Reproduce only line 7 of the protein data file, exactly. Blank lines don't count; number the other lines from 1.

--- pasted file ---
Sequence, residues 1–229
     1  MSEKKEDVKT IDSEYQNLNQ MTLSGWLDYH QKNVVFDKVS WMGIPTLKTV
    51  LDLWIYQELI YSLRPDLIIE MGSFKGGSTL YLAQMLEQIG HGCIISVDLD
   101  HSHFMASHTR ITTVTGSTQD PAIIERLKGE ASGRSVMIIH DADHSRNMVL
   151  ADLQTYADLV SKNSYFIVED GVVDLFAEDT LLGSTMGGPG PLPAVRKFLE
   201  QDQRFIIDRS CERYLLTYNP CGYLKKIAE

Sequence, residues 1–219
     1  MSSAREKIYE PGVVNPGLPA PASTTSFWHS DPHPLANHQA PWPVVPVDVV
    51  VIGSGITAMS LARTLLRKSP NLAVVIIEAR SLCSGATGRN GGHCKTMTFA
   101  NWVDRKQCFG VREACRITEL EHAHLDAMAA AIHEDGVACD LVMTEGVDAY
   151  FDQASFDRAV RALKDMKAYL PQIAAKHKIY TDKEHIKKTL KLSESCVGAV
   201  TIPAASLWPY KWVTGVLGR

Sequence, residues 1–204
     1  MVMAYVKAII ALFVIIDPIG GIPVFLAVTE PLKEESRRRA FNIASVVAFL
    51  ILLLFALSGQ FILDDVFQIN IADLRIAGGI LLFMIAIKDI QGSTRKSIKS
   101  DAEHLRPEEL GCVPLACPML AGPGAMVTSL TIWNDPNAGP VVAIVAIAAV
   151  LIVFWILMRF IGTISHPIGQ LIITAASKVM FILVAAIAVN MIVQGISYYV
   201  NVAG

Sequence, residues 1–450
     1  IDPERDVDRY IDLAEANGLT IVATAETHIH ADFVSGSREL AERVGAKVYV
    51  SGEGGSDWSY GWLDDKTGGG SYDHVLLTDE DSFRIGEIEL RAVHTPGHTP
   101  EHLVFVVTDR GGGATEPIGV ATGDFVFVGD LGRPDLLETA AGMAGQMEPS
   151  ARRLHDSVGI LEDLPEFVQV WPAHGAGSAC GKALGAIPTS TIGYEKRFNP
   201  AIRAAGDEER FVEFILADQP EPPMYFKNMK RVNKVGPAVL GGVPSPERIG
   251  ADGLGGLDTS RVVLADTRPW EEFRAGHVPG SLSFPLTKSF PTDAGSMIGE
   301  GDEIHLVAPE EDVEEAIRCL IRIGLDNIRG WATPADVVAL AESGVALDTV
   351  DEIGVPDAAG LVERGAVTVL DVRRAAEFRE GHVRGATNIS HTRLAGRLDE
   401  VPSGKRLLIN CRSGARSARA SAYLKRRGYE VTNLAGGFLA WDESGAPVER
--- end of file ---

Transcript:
Sequence, residues 1–219